See MAGAZINE, Page 4

ILIST
Oct, 26 to 30
A weekly guide
to who's where,
what's happen-
ing and why you
should be there.
Here are the
week's best bets.

AT TEA
It'll be just like having dinner with
the real Queen Elizabeth II. Well,
kind of. Sunday afternoon at 4 p.m.,
The Michigan Theater will host high
tea in the restored Grand Foyer of
the venue in honor of the release of
"The Queen," starring Helen Mirren.
Sunday's screening will be at 4:30
p.m. - prefaced by tea, biscuits and
such - but the regal biopic officially
opens tomorrow night. Mirren's per-
formance is already garnering raves.
Regular ticket prices are $6-$8.50.

IN THE 'D'
The highly anticipated Muse-
um of Contemporary Art Detroit
(MOCAD) will celebrate its debut
with a gala opening tonight at 8
p.m. Pay the steep price ($125-135 a
person, food and drink provided) to
preview "Meditations In an Emer-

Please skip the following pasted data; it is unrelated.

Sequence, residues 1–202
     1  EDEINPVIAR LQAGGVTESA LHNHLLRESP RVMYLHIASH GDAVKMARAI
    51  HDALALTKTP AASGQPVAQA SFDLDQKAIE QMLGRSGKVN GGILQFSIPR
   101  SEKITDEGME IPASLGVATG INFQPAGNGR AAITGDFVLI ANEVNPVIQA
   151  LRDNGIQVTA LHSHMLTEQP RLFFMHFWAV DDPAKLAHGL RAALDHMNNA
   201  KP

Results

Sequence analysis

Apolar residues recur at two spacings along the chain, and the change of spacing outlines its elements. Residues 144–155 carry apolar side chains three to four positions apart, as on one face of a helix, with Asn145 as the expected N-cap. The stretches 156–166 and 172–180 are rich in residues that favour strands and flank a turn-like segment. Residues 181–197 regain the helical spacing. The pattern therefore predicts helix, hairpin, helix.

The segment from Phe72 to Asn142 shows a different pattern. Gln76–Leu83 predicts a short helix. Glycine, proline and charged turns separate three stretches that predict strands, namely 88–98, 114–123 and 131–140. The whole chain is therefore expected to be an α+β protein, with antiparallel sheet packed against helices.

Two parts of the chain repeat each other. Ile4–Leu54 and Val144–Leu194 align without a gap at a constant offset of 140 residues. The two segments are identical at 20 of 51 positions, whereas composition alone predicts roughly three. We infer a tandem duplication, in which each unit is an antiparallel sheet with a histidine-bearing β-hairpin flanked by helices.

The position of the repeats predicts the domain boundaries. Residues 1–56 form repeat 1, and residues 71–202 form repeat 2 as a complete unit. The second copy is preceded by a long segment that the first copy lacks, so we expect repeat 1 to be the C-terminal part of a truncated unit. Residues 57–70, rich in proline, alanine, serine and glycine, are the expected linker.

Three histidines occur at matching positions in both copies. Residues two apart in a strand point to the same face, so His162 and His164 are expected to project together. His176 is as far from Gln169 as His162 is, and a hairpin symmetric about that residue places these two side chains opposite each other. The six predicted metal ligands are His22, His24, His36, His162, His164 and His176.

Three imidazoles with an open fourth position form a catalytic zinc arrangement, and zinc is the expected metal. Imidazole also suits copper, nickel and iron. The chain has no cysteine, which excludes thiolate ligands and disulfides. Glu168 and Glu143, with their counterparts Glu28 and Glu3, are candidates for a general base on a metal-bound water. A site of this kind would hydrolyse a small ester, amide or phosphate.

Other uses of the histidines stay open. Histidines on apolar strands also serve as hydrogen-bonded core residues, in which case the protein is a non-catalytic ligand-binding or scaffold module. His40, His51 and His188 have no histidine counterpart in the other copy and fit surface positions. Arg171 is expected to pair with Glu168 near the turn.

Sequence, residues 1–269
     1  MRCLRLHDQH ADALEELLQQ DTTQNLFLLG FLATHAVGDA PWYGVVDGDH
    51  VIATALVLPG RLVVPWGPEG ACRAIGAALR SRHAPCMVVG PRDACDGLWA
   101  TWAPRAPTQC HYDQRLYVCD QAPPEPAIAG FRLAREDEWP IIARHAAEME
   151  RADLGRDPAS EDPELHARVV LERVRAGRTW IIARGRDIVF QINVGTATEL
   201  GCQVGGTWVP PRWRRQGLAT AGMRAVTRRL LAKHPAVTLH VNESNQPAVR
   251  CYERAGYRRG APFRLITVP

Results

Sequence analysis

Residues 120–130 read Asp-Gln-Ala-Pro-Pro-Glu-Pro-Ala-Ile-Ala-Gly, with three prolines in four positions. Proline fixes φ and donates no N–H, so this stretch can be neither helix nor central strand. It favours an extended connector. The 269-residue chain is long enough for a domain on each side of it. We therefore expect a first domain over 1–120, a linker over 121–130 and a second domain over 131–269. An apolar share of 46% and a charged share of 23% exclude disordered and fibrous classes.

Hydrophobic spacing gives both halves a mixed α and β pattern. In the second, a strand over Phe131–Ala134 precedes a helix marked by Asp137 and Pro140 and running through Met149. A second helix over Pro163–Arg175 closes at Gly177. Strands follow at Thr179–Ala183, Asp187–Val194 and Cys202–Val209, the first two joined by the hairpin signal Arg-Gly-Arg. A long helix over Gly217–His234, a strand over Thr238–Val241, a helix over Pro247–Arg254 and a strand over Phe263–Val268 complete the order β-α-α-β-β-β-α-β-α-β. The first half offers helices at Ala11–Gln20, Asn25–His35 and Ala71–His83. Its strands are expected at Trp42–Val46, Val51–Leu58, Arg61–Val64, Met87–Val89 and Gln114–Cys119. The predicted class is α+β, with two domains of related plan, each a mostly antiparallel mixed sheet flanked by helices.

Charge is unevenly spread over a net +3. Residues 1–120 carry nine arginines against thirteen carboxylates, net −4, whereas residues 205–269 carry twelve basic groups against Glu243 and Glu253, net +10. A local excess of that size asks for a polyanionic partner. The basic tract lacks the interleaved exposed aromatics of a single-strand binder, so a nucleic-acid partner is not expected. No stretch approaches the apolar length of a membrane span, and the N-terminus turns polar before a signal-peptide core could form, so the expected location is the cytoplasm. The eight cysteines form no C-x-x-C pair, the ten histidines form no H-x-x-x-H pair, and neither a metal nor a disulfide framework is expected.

gency" before everyone else at 6 p.m.,
or contribute $45 in advance/$55 at
the door with the regular folk. Ann
Arbor's Matt Dear and Ryan Elliot
(Spectral Sound) from Ghostly Inter-
national will man the afterparty.

ON SCREEN
Just in time for Halloweekend: M-
Flickswilllscreentheclassic"Batman
Returns" Saturday night at 8 p.m. at
the Natural Science Auditorium. Not
only will you get to watch Michelle
Pfeiffer as Catwoman, Danny Devito
as the Penguin and Michael Keaton
as filmdom's original Batman, M-
Flicks will host a costume contest
at the showing. And the film will
end just in time for that first party.
Admission is free and prizes will be
awarded for best dressed.

AT THE PIG
The Bang! is back for its annual
Halloween-themed fete at The Blind
Pig Saturday night. Aside from its
usual fare (concerts, the occasional
karoake contest), the Pig hosts The
Bang! about once a month. Jeremy
Wheeler's rock'n'roll dance party is
best known for its holiday event,s and
Halloween is no exception - actu-
ally, Halloweekend here is definitely
tops in the our book. Cheap PBR,
werewolf suits and Prince songs?
We're already there.

i